Benefits Of Yoga
Emma Stewart -Before discussing the many benefits of yoga, it’s useful to define yoga and what it means to me. On my very first yoga teacher-training weekend I was asked to write a definition of yoga. I wrote; “Yoga is practice for the mind and the body to focus the mind on the present, preparing your body to go beyond the mat to bring balance to every aspect of your life.” Having delved more into the scientific research behind the benefits of yoga, it’s clear that when practiced regularly, yoga can have huge benefits to our mental and physical health.
Like many who find themselves in a yoga class for the first time, I came to yoga to find peace and acceptance after suffering with severe depression following the sudden and unexpected death of my father from a heart attack. I spent the first 6 weeks of my yoga journey crying in Savasana. I no longer cry in Savasana but am certainly more connected with my emotions. Yoga has given me the courage to accept my feelings and share them without judgment. Personally, yoga helped me overcome depression, low self-esteem and anxiety. The benefits don’t stop there. The Psychiatry Department of Islamic Azad University1 conducted research from July 2006 to July 2007 on a group of women who participated in 90-minute yoga classes, twice a week for two months. The study found that participation in a two-month yoga class could lead to a significant reduction in perceived levels of anxiety. In 2012, St. Elizabeth’s Medical Center2 in Brighton, MA found similar results concluding that yoga could be beneficial in relieving stress and anxiety.
The Swami Vivekananda Yoga Research Foundation3 near Bangalore, found that a more physical asana practice followed by relaxing postures activated the Parasympathetic Nervous System (PNS) more than simply relaxing. Activation of the PNS, the “rest and digest system,” not only allows for mental relaxation but allows the blood flow to be directed into the intestines and the reproductive organs, slows the heart rate and lowers blood pressure. In this rest and digest state, blood glucose levels are lowered, reducing the risk of diabetes. A study carried out at The Yoga Institute in Mumbai4 found that a regular yoga practice resulted in a 26% decrease in “bad” cholesterol and the progression of heart disease stopped in 47% of the patients involved in the trial.
Flexibility is synonymous with yoga. Yoga, when practiced consistently over time, will improve your flexibility, both physically and emotionally. Muscles will gradually loosen, and eventually all of those Instagram poses that were once impossible, will become more possible (not that we should aim to get our body into a particular pose or shape!). As we improve our flexibility in yoga, our muscle strength also improves; not only looking good but improving balance, posture and reducing back pain.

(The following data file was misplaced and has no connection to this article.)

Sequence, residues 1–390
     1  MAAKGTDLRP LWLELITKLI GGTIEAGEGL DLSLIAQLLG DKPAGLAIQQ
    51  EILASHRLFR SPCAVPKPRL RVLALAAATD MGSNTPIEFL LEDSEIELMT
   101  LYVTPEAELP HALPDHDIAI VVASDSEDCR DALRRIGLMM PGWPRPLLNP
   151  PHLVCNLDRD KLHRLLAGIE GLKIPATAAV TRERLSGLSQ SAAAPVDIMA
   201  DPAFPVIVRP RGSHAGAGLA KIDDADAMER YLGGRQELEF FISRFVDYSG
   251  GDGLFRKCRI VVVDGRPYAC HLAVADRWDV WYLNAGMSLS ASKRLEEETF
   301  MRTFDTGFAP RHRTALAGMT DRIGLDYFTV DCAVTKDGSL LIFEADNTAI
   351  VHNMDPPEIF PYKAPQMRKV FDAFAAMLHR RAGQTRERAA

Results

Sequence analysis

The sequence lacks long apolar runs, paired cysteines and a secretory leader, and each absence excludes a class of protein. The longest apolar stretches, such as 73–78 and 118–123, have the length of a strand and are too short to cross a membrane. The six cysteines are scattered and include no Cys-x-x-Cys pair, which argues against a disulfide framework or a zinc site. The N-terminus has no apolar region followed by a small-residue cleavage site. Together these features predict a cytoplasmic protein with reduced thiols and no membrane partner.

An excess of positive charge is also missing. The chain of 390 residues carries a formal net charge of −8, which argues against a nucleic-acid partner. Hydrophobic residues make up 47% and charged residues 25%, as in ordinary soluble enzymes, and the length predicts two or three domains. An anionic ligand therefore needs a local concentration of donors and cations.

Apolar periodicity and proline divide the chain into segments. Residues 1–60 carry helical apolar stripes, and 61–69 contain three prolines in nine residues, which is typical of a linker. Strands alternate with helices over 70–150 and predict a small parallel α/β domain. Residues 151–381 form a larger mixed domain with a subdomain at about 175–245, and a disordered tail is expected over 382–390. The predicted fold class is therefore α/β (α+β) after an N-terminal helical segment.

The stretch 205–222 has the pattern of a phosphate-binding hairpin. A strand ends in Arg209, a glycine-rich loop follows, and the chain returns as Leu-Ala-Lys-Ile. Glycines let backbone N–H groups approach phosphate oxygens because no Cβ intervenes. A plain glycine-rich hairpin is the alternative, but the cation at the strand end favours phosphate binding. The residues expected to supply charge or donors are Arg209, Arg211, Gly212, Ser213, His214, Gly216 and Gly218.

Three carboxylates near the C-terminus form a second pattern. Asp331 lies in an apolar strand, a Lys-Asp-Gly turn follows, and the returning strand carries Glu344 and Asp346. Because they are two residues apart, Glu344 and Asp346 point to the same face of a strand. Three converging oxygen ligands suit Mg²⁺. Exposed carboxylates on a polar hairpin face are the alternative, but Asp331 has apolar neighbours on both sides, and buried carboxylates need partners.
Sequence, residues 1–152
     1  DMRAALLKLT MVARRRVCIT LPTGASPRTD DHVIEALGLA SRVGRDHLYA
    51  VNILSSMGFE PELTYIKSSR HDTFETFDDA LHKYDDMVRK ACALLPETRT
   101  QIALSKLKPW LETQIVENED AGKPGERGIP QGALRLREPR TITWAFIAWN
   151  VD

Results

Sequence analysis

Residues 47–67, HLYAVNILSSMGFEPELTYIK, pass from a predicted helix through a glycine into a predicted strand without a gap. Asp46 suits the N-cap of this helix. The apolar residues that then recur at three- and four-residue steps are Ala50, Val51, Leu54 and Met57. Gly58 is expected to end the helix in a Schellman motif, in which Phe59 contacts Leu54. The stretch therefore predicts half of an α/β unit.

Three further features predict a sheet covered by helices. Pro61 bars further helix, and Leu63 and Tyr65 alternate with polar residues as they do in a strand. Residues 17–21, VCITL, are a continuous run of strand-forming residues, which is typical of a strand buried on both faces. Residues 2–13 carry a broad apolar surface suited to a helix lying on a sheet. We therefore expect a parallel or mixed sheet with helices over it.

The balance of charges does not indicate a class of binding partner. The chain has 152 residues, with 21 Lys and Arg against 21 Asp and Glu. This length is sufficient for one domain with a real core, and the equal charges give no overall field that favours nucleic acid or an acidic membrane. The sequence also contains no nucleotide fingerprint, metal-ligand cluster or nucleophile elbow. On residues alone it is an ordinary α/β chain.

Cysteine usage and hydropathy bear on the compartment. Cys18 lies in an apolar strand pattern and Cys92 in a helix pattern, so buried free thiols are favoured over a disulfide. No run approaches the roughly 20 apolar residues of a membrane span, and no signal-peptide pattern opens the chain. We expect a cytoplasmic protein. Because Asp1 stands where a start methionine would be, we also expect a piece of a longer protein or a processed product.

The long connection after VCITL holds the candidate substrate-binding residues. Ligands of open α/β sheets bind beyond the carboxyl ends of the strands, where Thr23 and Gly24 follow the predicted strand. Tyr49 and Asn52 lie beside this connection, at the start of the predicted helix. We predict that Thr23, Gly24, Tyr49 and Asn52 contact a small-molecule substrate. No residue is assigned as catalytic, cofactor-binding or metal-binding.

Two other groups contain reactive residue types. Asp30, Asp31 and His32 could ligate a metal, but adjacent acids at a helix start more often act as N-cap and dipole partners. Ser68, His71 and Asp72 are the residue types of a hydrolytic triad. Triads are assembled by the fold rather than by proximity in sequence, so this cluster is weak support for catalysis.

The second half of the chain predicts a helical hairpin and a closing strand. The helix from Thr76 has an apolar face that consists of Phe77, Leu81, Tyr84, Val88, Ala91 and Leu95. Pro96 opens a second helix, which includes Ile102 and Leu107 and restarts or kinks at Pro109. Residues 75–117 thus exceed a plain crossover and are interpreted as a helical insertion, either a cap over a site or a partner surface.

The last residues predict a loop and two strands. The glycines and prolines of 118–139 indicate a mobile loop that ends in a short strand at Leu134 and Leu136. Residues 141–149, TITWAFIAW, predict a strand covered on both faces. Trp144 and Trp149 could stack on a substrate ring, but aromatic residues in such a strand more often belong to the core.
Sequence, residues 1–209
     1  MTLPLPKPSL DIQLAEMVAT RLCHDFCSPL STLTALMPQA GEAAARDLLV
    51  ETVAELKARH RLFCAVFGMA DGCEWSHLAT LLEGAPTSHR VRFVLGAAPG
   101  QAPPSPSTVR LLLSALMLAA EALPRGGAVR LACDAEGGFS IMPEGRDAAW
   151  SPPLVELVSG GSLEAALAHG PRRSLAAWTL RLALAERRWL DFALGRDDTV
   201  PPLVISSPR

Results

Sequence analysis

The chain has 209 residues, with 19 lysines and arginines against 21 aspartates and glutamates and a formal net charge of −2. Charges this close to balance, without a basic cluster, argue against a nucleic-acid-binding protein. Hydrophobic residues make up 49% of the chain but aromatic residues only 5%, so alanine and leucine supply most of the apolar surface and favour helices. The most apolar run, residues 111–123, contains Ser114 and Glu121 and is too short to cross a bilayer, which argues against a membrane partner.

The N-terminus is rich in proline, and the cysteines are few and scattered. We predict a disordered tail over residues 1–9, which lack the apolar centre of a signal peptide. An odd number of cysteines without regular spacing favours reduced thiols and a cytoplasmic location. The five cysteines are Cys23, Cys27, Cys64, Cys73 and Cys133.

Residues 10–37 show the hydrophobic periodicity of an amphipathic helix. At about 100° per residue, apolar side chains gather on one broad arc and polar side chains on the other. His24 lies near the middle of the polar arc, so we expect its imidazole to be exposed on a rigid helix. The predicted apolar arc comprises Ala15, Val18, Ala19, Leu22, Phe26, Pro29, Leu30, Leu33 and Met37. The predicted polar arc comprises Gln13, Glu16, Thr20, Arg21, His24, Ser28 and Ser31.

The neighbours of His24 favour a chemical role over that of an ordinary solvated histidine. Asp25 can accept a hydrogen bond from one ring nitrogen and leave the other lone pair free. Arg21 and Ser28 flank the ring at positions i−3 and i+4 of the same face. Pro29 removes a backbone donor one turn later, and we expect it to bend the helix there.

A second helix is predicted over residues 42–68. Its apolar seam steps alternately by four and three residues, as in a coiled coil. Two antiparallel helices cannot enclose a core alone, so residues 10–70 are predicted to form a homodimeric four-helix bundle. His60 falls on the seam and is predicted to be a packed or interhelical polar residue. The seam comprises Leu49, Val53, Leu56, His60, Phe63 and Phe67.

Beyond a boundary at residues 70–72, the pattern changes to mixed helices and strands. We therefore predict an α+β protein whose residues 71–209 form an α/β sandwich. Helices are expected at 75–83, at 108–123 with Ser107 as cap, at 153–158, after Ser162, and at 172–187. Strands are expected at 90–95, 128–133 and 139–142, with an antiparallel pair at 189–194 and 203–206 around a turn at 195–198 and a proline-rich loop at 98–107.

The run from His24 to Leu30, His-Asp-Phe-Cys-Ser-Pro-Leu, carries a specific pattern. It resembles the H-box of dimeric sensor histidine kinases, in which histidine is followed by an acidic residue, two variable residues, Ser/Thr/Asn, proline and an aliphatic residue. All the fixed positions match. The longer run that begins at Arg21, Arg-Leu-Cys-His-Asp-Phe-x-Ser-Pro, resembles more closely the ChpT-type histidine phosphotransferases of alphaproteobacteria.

Regular yoga practice has also been found to increase bone density, reducing the risk of osteopenia and osteoarthritis. A sensible, modified yoga practice can even reduce joint pain, improve joint function and flexibility for people suffering from one of the various types of arthritis.
There are currently multiple medical trials taking place to measure the impact of yoga on cancer patients. Previous research indicates that yoga is valuable in helping to achieve relaxation and to diminish stress in cancer patients (Hacettepe University, Ankara, 2010)5.
Regardless of the plethora of research into the benefits of yoga, it is up to each individual to discover the benefits for themselves. It might be that you choose yoga as a way to relax, or for the physical practice, to increase strength, or to combat chronic pain, or to reduce the effects of inflammation such as heart disease and diabetes, or to improve your balance and reduce the risk of age-related falls. It might be that you, like every other human being, desire a community of like-minded people to be a part of, or you just want to explore your edge and experiment with the shapes your body can make. Whatever your reason for coming to the mat, know that there are many benefits of a regular yoga practice, as long as you remember to honour your body; breathe; and smile.
Javnbakht, M & Kenari, R & Ghasemi, M. (2009). Effects of yoga on depression and anxiety of women. Complementary therapies in clinical practice. 15. 102-4. 10.1016/j.ctcp.2009.01.003.
Li, Amber & W Goldsmith, Carroll-Ann. (2012). The Effects of Yoga on Anxiety and Stress. Alternative medicine review : a journal of clinical therapeutic. 17. 21-35.
Vinutha HT, Raghavendra BR, Manjunath NK. Effect of integrated approach of yoga therapy on autonomic functions in patients with type 2 diabetes. Indian J Endocrinol Metab. 2015;19(5):653-7.
Chandra KS, Bansal M, Nair T, et al. Consensus statement on management of dyslipidemia in Indian subjects. Indian Heart J. 2014;66 Suppl 3(Suppl 3):S1-51.
5. Ulger O, Yağli NV. Complement Ther Clin Pract. 2010 May;16(2):60-3. doi: 10.1016/j.ctcp.2009.10.007. Epub 2010 Mar 5.
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